Equally important, to be independent is to be aware of who you are. Independence oftentimes requires commitment, sacrifice, and resilience from the people of the nation, as sometimes it needs us to fight, protest, change for the better, and grow – indeed, independence barely exists in the dim light of our comfort zones. To that end, we need the center of gravity – a purpose – for which it is worth fighting. Freedom of self is indeed one of them, however, in the lowest lows, we need something even more tangible, which is the nation’s identity: our values, culture, and history. Based on the stories of my friends and family from Ukraine, it is clear that the passion of the Ukrainian people for defending their country, independence, and freedom is unanimous and strong; their commitment to values of Human Dignity, Human Rights, and peace are beating in their hearts, as they are deeply respecting the values their ancestors fought for. Similarly, culture plays a significant role in independence as well. On May 25, 2022, UN Special Rapporteur in the field of cultural rights, Alexandra Xanthaki, highlighted that “the questioning and denial of the Ukrainian identity and history as a justification for war, is a violation of the Ukrainians’ right to self-determination and their cultural rights.” Today, we listen to Ukrainian songs as a symbol of their bravery, see them wearing traditional clothes to embrace their identity, and read literature representing their centuries-long history and culture. It is clear that culture is the way of “self-determination”, it is the belief – the root independence flourishes from.

Moreover, to be independent is to be responsible – responsible to your country, and your fellow citizens, while independence also grants you the opportunity and moral responsibility of helping others on their way towards freedom, and democracy; to be independent is to be reliable, to be a good friend, and a dependable partner. During a year of serving as an EducationUSA Competitive College Club Congress delegate from Georgia in the Eastern Europen network of fellow students, I perceived the strength of integrity, friendship of countries, and the power of multiculturalism as we had a tangible positive impact on our international community by working together. Now, I am proud I will be representing Georgia – a place where I first shared and embraced those values – to the country, which excels in them and serves as a true friend to others – the United States of America. By bolstering Human Rights, Dignity, Freedom, Equality, and Peace in countries like Georgia, Ukraine, and Moldova, enhancing access to education, and providing strong support on the way towards their full independence, the U.S serves as a great example of how I envision independent and responsible future of the world based on the values my country time after time demonstrated to me.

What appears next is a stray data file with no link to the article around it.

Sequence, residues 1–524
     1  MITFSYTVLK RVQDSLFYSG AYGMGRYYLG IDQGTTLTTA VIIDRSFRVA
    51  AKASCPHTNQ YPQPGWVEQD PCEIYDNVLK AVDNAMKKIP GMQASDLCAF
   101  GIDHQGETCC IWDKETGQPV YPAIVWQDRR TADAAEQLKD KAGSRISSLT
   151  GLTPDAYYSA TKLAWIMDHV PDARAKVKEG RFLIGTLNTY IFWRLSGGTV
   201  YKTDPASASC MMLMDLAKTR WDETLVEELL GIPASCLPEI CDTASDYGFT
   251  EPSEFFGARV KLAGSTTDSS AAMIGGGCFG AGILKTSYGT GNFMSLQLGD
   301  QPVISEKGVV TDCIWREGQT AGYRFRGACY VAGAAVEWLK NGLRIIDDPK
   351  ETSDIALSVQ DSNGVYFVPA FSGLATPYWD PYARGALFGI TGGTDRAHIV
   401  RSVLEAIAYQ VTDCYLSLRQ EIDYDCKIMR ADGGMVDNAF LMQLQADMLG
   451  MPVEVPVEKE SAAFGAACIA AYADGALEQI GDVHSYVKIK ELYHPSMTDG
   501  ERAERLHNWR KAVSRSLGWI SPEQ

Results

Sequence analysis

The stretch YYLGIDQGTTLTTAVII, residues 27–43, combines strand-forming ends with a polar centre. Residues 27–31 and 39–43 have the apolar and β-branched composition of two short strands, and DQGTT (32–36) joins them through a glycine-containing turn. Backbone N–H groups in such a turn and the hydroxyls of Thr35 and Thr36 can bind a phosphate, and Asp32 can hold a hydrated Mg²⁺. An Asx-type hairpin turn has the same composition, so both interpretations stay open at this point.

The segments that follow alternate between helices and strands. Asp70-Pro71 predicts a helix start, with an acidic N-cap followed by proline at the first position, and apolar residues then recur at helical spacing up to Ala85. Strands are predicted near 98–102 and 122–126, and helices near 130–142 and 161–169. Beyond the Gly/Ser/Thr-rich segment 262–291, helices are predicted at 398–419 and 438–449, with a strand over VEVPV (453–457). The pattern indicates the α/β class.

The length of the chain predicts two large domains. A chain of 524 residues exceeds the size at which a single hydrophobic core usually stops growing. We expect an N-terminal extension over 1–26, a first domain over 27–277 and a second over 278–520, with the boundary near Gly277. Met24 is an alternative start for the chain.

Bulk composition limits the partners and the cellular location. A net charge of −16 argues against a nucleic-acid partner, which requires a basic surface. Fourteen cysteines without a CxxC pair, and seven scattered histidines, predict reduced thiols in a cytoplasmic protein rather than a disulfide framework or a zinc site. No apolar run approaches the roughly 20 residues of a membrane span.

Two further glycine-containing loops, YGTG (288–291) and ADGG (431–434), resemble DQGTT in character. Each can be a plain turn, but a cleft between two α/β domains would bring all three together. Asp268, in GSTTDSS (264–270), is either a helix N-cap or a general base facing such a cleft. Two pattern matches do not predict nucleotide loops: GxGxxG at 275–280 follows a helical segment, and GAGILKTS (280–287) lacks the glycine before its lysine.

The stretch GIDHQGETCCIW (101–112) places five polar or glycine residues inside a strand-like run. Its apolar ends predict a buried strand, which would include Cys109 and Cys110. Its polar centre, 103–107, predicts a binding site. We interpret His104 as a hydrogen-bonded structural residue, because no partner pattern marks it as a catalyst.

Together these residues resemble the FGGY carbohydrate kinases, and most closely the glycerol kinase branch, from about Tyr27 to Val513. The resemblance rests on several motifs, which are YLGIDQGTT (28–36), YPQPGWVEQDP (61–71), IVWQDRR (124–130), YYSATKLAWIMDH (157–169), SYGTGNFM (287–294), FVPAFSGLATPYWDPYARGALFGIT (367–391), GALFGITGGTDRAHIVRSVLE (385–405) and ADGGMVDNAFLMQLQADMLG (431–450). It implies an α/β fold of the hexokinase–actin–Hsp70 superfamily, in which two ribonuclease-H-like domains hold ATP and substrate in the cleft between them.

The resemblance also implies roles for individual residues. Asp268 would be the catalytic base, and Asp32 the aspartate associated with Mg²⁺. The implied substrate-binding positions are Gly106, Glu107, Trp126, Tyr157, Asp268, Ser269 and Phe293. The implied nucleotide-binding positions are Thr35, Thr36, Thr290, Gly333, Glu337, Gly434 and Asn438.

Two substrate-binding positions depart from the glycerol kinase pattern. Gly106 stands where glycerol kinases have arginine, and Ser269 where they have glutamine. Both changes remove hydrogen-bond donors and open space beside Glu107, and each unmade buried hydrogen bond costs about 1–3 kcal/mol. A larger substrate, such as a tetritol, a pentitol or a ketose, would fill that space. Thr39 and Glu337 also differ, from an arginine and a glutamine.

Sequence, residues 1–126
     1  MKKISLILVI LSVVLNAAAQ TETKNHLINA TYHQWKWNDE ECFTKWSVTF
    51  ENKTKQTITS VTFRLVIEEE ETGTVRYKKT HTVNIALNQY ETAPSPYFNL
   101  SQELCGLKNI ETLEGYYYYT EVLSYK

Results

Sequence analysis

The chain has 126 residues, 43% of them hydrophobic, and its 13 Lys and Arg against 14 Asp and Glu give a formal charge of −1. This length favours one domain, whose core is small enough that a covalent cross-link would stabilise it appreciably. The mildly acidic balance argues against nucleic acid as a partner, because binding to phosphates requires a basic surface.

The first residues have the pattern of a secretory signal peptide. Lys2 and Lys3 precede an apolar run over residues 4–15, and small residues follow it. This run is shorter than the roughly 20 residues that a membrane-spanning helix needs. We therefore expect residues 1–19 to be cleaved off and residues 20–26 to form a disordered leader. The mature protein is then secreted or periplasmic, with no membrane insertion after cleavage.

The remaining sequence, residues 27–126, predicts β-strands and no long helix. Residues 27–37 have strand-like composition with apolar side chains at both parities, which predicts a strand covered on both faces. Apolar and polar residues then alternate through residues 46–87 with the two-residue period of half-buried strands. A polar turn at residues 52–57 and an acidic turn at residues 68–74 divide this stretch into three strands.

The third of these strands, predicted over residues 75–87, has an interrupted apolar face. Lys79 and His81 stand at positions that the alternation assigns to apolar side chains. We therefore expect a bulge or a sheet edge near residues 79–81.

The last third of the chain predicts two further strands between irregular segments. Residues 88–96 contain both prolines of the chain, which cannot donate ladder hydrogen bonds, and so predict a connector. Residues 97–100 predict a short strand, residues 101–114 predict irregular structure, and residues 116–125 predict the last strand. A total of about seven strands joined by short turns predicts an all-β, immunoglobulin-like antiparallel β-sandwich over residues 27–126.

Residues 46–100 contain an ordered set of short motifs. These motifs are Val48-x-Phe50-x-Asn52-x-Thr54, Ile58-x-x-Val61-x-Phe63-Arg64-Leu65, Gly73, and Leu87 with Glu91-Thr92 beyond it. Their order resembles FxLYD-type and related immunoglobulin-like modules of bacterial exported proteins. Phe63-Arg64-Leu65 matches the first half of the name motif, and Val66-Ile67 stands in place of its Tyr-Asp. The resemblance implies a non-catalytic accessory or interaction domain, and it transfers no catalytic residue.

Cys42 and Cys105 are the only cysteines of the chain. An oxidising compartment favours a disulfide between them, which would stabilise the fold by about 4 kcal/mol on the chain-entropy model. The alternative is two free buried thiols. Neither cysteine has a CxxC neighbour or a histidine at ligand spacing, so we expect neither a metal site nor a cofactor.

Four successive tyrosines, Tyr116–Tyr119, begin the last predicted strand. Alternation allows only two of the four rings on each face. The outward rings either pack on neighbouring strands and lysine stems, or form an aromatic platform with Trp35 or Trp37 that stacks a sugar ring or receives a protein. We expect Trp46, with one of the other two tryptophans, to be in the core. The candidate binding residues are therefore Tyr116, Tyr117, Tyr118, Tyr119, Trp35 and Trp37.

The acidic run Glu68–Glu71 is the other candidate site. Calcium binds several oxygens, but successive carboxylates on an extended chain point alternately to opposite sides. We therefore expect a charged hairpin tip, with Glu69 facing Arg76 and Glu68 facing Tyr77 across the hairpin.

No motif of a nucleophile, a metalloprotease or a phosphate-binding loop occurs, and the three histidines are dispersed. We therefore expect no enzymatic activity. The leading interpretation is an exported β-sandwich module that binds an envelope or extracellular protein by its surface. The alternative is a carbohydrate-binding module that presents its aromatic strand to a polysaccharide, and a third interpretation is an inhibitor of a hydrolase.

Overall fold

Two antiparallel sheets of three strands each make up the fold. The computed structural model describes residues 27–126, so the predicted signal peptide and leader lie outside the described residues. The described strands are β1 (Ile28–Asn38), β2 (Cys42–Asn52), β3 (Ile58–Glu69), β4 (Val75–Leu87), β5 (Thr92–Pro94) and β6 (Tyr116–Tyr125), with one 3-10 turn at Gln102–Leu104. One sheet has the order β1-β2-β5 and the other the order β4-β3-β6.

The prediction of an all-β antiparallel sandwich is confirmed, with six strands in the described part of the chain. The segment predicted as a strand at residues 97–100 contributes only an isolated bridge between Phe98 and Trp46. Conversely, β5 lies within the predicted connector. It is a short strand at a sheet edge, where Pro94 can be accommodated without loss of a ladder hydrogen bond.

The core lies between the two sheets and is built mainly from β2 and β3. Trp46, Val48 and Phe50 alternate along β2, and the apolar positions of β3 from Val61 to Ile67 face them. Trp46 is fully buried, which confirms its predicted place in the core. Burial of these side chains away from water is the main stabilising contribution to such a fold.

Altogether, independence may be hard to obtain and harder to maintain with decency, calling for sacrifice and resilience from us, however, I believe it is the best way to live and prosper: to be independent is to have freedom of choice, and passion for your past and future, to be independent is to own your culture and foster with and within it. To be independent is to be respectful and reliable. To be independent is to be free inside.


Author: Lasha Giorgi Shamugia, Incoming Undergraduate at Princeton University